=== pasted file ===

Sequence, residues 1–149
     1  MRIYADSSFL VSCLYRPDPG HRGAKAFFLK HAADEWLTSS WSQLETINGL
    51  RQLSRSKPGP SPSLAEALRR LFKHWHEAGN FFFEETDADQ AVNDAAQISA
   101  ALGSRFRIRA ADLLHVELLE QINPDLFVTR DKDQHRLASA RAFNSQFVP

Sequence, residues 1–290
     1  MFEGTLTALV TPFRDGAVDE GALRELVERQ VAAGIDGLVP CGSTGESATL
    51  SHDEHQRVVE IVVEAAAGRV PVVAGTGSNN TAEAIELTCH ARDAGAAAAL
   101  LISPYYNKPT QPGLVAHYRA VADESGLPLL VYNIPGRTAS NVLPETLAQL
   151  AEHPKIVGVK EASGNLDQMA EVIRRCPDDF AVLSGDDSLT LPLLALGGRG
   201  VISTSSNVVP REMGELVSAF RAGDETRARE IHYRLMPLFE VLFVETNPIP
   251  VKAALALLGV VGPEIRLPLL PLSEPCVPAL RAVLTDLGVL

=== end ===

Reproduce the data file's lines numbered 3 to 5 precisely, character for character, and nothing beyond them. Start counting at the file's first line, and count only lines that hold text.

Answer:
    51  RQLSRSKPGP SPSLAEALRR LFKHWHEAGN FFFEETDADQ AVNDAAQISA
   101  ALGSRFRIRA ADLLHVELLE QINPDLFVTR DKDQHRLASA RAFNSQFVP

Sequence, residues 1–290